A simple toolkit of checklists, education materials and quality and performance reporting improved the quality of care but not outcomes in hospitals in the south Indian state of Kerala and may have the potential to improve outcomes of heart attacks and other major cardiovascular disease events in other settings, according to a new Northwestern Medicine study published in the Journal of the American Medical Association (JAMA).
Previous studies had identified gaps in the quality of care in Kerala, so an international consortium, including Northwestern University and several Indian public health and professional institutions, recruited more than 21,000 patients from 63 hospitals between 2014 and 2016 to try and improve heart attack care. The Acute Coronary Syndrome Quality Improvement in Kerala (ACS QUIK) study represents the largest randomized trial in cardiovascular medicine in India to date, an important milestone in a country that has more heart attacks than any other.
Over the course of the study, hospitals were first assigned to deliver usual care, but were then randomly assigned to implement a quality improvement toolkit that included audit and feedback reporting, checklists, patient education materials and linkage to emergency cardiovascular care training, which are all common strategies in the United States.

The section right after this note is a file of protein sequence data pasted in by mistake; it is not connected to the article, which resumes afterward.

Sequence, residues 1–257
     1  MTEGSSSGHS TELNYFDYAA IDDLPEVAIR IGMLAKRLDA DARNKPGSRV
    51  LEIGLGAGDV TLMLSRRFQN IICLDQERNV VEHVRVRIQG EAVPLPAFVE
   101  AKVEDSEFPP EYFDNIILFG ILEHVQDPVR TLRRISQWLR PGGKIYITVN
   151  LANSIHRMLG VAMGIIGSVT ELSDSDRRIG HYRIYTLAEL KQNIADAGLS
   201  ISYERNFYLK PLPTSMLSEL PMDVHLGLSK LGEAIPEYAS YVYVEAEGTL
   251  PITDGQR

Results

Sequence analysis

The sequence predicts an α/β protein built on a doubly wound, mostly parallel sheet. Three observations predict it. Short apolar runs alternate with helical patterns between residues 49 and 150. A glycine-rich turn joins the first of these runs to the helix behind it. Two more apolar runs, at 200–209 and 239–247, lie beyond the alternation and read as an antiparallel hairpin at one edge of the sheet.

The investigators used a complex, yet useful, method known as a “stepped wedge” design, which improves investigators’ understanding of the effects of complex interventions. This method was first used in the implementation and evaluation of Gambia’s hepatitis B vaccination program in the late 1970s, yet has been rarely used because of its logistical challenges.
Over the course of the study, the investigators measured the quality of care delivered by physicians, as well as patients’ rates of major cardiovascular events including death, heart attack, stroke or major bleeding 30 days after hospital discharge.
The study found that the intervention group experienced higher rates of key in-hospital and discharge medications. The intervention group also experienced lower rates of major cardiovascular events at 30-day follow-up compared with the usual care group — 5.3 percent versus 6.4 percent — but after accounting for variables including time trends, those findings failed to reach the level of statistical significance.
While most studies would have determined that the intervention led to these differences in outcomes, the stepped wedge design used by the ACS QUIK team allowed for adjustment of important variables such as time trends.